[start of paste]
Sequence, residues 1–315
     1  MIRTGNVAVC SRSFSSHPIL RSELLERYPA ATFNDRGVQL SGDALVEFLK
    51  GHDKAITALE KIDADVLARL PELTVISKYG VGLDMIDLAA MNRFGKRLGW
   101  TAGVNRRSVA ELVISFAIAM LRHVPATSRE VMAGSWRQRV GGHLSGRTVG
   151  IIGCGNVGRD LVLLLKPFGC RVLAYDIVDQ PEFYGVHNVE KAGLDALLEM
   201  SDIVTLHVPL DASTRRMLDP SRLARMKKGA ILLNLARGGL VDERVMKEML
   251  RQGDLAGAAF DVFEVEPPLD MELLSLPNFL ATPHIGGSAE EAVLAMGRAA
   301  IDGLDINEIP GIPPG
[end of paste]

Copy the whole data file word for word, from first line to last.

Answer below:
Sequence, residues 1–315
     1  MIRTGNVAVC SRSFSSHPIL RSELLERYPA ATFNDRGVQL SGDALVEFLK
    51  GHDKAITALE KIDADVLARL PELTVISKYG VGLDMIDLAA MNRFGKRLGW
   101  TAGVNRRSVA ELVISFAIAM LRHVPATSRE VMAGSWRQRV GGHLSGRTVG
   151  IIGCGNVGRD LVLLLKPFGC RVLAYDIVDQ PEFYGVHNVE KAGLDALLEM
   201  SDIVTLHVPL DASTRRMLDP SRLARMKKGA ILLNLARGGL VDERVMKEML
   251  RQGDLAGAAF DVFEVEPPLD MELLSLPNFL ATPHIGGSAE EAVLAMGRAA
   301  IDGLDINEIP GIPPG